All of these combinations happen to facilitate the direct consumption of the alcohol. The cradles help pour it, and the glasses assist in its consumption. No intervening process or additional element is introduced or needed to complete the act of consumption. Additionally, the articles packaged with the bottles of liquor are definitely ancillary, either in terms of relative cost or the potential for subsequent reuse of the product. The cost of the glasses was a small fraction of the cost of the liquor and the cradles were shaped to hold the bottles of the particular brands with which they were packaged. Additional cases cited concern articles which are regularly sold or merchandised as units. Through standard usage and common advertising practice, assemblages such as "desk organizing sets," "cheese sets" and "coffee service sets" are understood by most people. The components of these "sets," as presented for sale, qualify as GRI 3(b) sets.

In this case, we have been presented with two articles which, although they can be used together, are not interdependent. At times, the cost of the cocktail shaker will exceed the cost of the bottle of vodka. Due to its construction, the useful life of the shaker can be safely expected to outlast many bottles of vodka. Additionally, the shaker is not used in the consumption of the vodka. Rather, it is something into which vodka, or another liquor, is poured so that additional materials can be added in the preparation of a mixed beverage. The cocktail shaker is akin to the wooden bowl which was the subject of Headquarters ruling HQ 950845, dated June 26, 1992. In that case, a wooden bowl containing a mixture of nuts and raisins was held not to be a set. The two products were classified separately.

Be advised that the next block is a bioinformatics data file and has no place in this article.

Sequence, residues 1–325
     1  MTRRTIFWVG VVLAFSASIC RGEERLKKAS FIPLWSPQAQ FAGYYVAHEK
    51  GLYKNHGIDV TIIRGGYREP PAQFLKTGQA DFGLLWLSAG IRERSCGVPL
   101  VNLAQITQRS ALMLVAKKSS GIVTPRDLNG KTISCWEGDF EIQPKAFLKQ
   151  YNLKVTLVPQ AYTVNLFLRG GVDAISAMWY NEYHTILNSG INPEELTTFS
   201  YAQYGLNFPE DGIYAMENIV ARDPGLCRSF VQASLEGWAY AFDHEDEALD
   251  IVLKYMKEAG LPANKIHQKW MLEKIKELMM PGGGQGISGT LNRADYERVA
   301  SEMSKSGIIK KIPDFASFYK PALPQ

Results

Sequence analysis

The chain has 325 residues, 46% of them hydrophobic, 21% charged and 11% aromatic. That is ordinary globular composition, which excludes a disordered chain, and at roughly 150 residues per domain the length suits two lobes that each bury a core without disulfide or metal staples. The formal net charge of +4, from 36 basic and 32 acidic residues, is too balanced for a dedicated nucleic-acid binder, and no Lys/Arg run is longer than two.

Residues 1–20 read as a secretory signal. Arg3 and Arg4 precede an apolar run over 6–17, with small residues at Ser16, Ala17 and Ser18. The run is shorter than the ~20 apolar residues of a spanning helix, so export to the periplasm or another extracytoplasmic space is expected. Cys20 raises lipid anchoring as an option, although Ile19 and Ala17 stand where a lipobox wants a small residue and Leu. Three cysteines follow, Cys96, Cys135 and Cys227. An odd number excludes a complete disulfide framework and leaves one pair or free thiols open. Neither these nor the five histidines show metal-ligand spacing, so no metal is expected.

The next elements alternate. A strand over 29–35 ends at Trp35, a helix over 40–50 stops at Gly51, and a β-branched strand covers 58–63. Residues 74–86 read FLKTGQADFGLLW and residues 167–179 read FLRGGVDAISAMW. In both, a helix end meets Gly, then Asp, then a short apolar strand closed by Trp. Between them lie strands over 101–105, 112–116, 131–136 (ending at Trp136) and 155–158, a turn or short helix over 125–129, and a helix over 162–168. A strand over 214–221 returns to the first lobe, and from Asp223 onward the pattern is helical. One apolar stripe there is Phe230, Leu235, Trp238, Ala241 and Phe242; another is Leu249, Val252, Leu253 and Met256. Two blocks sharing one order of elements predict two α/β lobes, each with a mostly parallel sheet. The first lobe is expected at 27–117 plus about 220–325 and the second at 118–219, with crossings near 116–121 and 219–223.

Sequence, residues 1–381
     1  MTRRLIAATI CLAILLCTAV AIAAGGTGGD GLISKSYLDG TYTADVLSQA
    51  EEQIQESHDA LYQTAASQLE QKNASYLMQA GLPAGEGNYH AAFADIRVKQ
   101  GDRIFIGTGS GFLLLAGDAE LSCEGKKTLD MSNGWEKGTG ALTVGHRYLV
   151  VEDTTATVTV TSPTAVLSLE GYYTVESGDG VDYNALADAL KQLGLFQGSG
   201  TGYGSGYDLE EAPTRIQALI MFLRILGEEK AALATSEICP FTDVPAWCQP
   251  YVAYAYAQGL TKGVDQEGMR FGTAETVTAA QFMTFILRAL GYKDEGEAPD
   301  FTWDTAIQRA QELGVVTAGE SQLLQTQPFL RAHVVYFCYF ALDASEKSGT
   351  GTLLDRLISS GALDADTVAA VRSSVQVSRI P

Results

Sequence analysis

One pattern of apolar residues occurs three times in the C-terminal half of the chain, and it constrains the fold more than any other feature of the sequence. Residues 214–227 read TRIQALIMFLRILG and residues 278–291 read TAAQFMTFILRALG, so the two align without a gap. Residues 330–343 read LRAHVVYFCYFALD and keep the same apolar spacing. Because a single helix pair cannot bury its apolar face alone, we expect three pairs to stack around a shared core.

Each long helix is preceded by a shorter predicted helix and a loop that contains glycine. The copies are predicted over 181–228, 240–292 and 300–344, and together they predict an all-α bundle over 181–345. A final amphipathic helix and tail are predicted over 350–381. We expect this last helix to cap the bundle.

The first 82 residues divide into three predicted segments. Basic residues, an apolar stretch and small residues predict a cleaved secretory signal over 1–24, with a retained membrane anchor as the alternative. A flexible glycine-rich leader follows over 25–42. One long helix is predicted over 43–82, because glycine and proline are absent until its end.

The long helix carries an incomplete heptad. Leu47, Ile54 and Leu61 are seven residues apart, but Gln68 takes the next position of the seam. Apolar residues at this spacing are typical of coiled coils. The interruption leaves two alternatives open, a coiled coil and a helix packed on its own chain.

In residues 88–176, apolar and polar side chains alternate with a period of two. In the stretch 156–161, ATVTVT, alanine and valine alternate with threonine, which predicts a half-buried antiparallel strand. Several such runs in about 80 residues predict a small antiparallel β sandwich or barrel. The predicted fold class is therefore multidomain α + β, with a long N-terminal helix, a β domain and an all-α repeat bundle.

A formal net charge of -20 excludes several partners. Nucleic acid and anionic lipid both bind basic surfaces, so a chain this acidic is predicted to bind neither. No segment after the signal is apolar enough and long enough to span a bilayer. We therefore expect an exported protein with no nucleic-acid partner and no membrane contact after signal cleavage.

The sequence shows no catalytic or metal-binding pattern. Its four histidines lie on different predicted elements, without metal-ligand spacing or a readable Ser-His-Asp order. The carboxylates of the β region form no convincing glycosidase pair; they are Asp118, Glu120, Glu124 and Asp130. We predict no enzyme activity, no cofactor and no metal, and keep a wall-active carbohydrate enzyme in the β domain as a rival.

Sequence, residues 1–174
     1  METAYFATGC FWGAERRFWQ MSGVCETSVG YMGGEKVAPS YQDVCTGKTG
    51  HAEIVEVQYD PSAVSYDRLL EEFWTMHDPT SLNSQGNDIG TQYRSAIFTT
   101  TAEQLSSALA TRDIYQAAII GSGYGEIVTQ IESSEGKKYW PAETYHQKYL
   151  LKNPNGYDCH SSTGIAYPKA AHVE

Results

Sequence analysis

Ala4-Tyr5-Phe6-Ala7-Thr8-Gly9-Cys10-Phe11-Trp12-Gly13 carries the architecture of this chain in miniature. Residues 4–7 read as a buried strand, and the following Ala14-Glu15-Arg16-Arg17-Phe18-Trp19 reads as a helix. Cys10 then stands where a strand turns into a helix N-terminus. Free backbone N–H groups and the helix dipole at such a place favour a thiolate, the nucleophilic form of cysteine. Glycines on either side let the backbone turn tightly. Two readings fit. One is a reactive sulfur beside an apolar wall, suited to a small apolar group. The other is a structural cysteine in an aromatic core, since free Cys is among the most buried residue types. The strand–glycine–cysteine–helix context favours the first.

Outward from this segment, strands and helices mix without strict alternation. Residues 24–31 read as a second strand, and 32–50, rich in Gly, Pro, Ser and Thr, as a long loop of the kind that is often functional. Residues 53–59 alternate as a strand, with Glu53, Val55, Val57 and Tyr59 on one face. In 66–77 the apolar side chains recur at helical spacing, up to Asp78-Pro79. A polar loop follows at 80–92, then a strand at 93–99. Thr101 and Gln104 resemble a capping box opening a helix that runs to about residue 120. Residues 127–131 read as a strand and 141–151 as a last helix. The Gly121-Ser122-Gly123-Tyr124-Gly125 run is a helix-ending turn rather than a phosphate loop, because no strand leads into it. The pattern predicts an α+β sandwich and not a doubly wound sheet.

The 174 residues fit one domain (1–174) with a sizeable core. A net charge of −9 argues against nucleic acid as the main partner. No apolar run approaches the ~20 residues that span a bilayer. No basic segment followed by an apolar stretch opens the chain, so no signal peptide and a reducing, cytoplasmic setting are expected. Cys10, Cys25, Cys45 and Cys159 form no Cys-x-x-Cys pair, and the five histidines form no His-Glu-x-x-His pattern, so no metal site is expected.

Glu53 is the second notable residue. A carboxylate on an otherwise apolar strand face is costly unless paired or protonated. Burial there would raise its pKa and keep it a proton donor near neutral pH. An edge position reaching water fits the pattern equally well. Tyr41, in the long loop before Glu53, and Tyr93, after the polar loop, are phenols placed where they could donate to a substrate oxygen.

The nature and use of the two items distinguishes it from the previously cited cases in which alcohol bottles were packed with an accessory article which facilitated immediate consumption. Here, the shaker is not an accessory, but a significant item whose use is not dedicated to use with the vodka. It is to be used along with some alcoholic beverage and other ingredients to prepare a "mixed drink." Including it with the bottle of vodka is an inducement for a consumer to purchase that particular brand. However, once the contents of the bottle which is packaged with the shaker are consumed, the shaker will perform as intended with any brand. The mere packaging of the two items does not create a set for classification purposes, even if there might be instances when the products would be used together. Such an argument could lead to an expansion of the spaghetti meal example given in the EN's to include a stainless steel pot in which to cook the meal. Such an expansion is not contemplated under the GRI. The two items do not constitute a set within the scope of GRI 3(b). They should be classified as separate articles under GRI 1.


The applicable subheading for the vodka will be 2208.60.2000, HTSUS, which provides for vodka ... in containers each holding not over 4 liters ... valued over $2.05 per liter. The rate of duty will be 8.1 cents per proof liter. In addition, the vodka is subject to a Federal Excise Tax of $13.50 per proof gallon and a proportionate tax at the like rate on all fractional parts of a proof gallon.

The applicable subheading for the stainless steel cocktail shaker will be 7323.93.0080, HTSUS, which provides for Table, kitchen or other household articles and parts thereof, of iron or steel, other, of stainless steel, other. The rate of duty will be 2.6 percent ad valorem.

NY B86742, issued June 26, 1997, is affirmed.


John Durant, Director

Previous Ruling Next Ruling

See also: